LOS ANGELES – A San Gabriel Valley man pleaded guilty today to federal criminal charges for participating in a multimillion-dollar scheme to manufacture and ship counterfeit laptop computer batteries and other electronics from China to the United States, where the bogus batteries were sold to unsuspecting buyers in online marketplaces.
Zoulin Cai, a.k.a. “Allen Cai,” 29, of La Puente, pleaded guilty to one count of conspiracy to commit wire fraud and mail fraud and one count of aggravated identity theft.
According to his plea agreement, Cai conspired to import batteries, labels for batteries in laptop computers, cellphones, and other electronics from China to the United States. Cai then sold and shipped the counterfeit batteries to unsuspecting individual buyers via eBay and Amazon, falsely advertising them as brand-name new, genuine, original, or OEM (original equipment manufacturer) products. Those batteries bore counterfeit trademarks of companies such as Apple, Dell, HP and Toshiba, as well as counterfeit certification marks of UL, a company that tests and certifies the safety of electronic products.
Counterfeit lithium-ion laptop batteries pose significant safety risks – including the risk of extreme heat, fire and explosions – and the batteries that Cai and his co-conspirators shipped frequently lacked required and essential internal safeguards.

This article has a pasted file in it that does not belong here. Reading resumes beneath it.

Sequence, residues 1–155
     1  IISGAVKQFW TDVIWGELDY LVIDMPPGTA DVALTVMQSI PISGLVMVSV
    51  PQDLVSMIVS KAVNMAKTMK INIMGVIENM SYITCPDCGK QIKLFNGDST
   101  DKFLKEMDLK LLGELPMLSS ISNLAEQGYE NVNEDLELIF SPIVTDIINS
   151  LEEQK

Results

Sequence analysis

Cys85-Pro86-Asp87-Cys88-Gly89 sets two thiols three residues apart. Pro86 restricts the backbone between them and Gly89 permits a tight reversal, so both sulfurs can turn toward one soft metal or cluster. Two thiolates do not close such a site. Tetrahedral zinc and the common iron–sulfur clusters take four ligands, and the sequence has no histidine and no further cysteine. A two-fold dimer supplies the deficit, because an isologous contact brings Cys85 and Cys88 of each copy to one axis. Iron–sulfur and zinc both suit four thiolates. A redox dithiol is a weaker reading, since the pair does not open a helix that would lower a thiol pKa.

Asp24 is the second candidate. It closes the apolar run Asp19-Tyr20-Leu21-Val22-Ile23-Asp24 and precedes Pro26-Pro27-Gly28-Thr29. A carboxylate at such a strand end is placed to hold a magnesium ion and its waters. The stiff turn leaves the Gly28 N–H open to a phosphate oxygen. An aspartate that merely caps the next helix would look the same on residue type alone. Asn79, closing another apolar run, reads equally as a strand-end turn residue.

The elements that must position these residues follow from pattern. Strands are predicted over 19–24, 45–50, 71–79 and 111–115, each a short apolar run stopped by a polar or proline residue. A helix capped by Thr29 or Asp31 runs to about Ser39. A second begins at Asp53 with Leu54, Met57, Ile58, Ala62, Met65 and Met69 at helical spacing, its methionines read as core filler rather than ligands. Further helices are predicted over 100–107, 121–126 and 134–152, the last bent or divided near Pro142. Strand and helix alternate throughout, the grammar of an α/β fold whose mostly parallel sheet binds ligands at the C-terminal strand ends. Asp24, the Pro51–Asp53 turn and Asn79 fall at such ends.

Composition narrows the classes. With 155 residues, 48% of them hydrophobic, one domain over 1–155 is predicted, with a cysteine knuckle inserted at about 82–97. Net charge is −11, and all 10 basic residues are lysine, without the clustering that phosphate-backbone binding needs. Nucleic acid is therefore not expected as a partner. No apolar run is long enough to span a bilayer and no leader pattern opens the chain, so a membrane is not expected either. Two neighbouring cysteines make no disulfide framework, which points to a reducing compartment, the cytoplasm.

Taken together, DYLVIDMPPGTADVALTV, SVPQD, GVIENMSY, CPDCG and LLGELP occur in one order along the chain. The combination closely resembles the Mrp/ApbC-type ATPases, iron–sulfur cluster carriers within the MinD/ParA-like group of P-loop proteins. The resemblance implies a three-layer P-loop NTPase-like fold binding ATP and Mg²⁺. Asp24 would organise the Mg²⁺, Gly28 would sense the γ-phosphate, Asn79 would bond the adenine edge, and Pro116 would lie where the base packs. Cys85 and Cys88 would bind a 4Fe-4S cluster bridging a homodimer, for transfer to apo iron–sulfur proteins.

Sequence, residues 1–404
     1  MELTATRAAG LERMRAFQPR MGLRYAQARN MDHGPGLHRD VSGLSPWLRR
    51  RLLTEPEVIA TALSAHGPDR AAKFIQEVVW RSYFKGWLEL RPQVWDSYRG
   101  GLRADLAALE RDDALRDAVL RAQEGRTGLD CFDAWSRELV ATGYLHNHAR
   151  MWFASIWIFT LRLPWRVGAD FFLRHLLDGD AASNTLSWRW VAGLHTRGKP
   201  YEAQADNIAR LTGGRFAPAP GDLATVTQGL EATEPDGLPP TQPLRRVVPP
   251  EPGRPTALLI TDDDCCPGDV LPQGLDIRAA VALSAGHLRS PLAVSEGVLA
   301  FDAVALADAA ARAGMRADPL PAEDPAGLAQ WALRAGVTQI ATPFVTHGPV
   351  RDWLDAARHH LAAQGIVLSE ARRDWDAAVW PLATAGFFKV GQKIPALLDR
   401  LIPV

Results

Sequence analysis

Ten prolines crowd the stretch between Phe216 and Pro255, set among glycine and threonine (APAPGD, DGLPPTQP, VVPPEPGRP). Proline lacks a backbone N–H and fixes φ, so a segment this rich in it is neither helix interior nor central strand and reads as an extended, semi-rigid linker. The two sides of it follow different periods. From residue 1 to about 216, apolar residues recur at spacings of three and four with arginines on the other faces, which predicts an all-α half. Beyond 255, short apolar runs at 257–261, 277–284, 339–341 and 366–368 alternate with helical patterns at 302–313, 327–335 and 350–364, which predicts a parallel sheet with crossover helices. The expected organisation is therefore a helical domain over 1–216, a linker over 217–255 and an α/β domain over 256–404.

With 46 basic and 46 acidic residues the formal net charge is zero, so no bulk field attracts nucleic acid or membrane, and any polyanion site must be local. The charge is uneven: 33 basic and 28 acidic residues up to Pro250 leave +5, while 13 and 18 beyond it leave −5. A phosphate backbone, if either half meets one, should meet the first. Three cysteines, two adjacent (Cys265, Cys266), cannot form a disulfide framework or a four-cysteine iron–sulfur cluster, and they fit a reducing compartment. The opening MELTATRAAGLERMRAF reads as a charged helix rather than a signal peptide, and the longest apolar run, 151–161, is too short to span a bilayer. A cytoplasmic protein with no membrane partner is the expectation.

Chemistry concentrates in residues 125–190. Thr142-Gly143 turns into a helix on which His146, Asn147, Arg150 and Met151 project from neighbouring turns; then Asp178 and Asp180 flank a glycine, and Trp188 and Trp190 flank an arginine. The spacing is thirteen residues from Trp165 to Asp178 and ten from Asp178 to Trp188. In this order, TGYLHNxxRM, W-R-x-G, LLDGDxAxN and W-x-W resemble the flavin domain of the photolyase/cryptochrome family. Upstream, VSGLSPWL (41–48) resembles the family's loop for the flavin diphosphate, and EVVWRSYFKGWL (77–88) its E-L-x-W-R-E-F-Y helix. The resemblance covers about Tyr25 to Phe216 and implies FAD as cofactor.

Cai and his co-conspirators established numerous U.S.-based corporations to facilitate the importation and sale of counterfeit lithium-ion batteries and other electronic accessories for laptop computers and cellular telephones.
Co-conspirators in China packaged counterfeit batteries and electronics and shipped them to the United States, sometimes covering the trademarks with black tape or a similar material, so that a quick inspection of the items by customs officials would not reveal the trademark. The counterfeit batteries were imported, sold and shipped from Cai-controlled warehouses in La Puente.
In December 2019, Cai’s warehouse (including containers on the premises) contained approximately 44,000 batteries, as well as approximately 175,000 labels, bearing the counterfeit marks of multiple companies, including Apple, Dell, HP, Toshiba, Lenovo, Asus, Acer and Samsung, according to the plea agreement.
Cai admitted that from March 2014 to June 2019, he and his co-conspirators fraudulently obtained approximately at least $3.5 million and as much as $23,831,668 from the sale of laptop batteries through eBay and Amazon. During that time, Cai and his co-conspirators sent approximately $18,094,960 through wire transfers from U.S.-based bank accounts that they owned and controlled directly to Chinese bank accounts.
United States District Judge John F. Walter has scheduled an October 4 sentencing hearing, at which time Cai will face a statutory maximum sentence of 22 years in federal prison.
Homeland Security Investigations investigated this matter and was assisted in this investigation by the brand-holding companies.
Assistant United States Attorney Julia S. Choe of the General Crimes Section and Assistant United States Attorney Khaldoun Shobaki of the Cyber and Intellectual Property Crimes Section are prosecuting this case.